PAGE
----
home with them did not vanish with sleep. The same heroic
atmosphere was in the house in the morning. Antonia's face
had a brightness upon it that never yet was the result of mere
flesh and blood. When she came into the usual sitting-room,
Dare was already there; indeed, he had risen purposely for
this hour. Their smiles and glances met each other with
an instantaneous understanding. It was the old Greek
greeting "REJOICE!" without the audible expression.

Never again, perhaps, in all their lives would moments so full
of sweetness and splendor come to them. They were all the
sweeter because blended with the homely duties that fell to
Antonia's hands. As she went about ordering the breakfast,
and giving to the table a festal air, Dare thought of the old
Homeric heroes, and the daughters of the kings who ministered
to their wants. The bravest of them had done no greater deeds
of personal valor than had been done by the little band of
American pioneers and hunters with whom he had fought the last
four days. The princes among them had been welcomed by no
sweeter and fairer women than had welcomed his companions and

And, though his clothing was black with the smoke of the
battle and torn with the fray, never had Dare himself looked
so handsome. There was an unspeakable radiance in his fair
face. The close, brown curls of his hair; his tall figure,
supple and strong; his air of youth, and valor, and victory;
the love-light in his eyes; the hopes in his heart, made
him for the time really more than a mere mortal man. He
walked like the demi-gods he was thinking of. The most
glorious ideal of life, the brightest dream of love that he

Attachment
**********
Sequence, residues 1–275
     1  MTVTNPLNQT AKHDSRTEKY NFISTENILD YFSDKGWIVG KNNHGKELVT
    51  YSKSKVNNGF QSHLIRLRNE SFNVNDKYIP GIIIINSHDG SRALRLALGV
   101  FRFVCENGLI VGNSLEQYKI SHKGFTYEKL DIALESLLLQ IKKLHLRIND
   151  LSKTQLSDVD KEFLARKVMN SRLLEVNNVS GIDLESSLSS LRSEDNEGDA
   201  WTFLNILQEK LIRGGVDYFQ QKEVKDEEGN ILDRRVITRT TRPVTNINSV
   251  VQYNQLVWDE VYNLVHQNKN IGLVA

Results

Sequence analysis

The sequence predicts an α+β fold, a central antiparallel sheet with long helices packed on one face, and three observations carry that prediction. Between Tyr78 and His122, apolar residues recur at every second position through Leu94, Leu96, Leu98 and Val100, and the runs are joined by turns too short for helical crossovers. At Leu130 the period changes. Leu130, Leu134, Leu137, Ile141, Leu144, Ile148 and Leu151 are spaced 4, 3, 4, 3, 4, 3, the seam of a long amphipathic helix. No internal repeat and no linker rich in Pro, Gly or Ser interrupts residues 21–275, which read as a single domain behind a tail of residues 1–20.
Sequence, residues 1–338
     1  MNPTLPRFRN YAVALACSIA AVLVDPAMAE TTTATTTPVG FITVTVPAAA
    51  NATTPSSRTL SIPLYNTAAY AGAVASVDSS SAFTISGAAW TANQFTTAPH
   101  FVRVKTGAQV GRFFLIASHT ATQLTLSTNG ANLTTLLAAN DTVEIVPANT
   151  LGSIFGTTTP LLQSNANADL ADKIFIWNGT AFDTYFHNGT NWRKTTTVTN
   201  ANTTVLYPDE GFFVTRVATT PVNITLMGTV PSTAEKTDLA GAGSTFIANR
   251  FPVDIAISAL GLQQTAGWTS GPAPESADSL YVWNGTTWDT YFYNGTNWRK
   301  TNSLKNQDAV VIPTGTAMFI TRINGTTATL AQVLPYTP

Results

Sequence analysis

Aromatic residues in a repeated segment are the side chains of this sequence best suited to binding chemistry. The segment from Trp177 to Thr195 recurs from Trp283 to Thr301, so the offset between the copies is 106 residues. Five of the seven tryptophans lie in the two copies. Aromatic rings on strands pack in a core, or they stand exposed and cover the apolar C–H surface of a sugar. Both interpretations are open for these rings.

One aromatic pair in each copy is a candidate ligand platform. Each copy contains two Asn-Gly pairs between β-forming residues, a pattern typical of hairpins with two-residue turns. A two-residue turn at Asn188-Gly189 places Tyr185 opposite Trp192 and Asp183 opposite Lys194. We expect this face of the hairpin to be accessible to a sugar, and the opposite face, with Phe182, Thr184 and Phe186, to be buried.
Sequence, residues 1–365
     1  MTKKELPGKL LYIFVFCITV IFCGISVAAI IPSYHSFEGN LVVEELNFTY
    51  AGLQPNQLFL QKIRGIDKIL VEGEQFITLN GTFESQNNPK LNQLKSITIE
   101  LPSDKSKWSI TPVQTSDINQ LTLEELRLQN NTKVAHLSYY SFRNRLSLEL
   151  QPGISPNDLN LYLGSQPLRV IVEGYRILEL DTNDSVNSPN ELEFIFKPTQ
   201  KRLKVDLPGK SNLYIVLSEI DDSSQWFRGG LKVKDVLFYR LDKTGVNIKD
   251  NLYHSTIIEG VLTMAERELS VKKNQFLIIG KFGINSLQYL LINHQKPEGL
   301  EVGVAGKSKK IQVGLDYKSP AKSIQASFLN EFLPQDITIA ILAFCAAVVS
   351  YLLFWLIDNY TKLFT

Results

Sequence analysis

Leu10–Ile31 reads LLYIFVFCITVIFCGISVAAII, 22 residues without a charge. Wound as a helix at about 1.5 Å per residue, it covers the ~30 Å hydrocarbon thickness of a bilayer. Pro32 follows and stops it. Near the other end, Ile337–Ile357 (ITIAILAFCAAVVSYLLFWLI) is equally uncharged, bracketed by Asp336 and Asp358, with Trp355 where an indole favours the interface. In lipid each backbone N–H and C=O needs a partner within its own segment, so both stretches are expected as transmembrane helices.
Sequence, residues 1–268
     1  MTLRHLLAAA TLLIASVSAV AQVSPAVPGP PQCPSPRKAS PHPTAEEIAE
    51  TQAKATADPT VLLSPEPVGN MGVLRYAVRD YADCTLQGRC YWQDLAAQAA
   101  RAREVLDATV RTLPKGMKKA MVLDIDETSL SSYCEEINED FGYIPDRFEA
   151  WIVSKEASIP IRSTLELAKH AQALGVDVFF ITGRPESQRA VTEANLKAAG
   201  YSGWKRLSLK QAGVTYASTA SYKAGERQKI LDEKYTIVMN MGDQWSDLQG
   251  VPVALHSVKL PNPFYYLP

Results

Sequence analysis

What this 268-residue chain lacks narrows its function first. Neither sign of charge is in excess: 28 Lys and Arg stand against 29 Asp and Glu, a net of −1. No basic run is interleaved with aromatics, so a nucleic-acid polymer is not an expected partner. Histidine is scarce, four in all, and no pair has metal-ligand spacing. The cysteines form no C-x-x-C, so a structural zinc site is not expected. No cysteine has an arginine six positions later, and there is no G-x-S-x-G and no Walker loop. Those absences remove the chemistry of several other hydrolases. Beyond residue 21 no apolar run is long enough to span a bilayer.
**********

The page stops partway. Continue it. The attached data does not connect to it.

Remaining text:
had ever had, found in this hour their complete realization.

The Senora did not come down; but Isabel and Luis and the
doctor joined the breakfast party. Luis had evidently been to
see Lopez Navarro before he did so; for he wore a new suit of
dark blue velvet and silver, a sash of crimson silk, the
neatest of patent leather shoes, and the most beautifully
embroidered linen. Dare gave him a little smile and nod of
approbation. He had not thought of fine clothing for himself;
but then for the handsome, elegant, Mexican youth it seemed
precisely the right thing. And Isabel, in her scarlet satin
petticoat, and white embroideries and satin slippers, looked
his proper mate. Dare and Antonia, and even the doctor,
watched their almost childlike devotion to each other with
sympathetic delight.

Oh, if such moments could only last! No, no; as a rule they
last long enough. Joy wearies as well as sorrow. An
abiding rapture would make itself a sorrow out of our very
weakness to bear it. We should become exhausted and exacting,
and be irritated by the limitations of our nature, and our
inability to create and to endure an increasing rapture. It
is because joy is fugitive that it leaves us a delightsome
memory. It is far better, then, not to hold the rose until it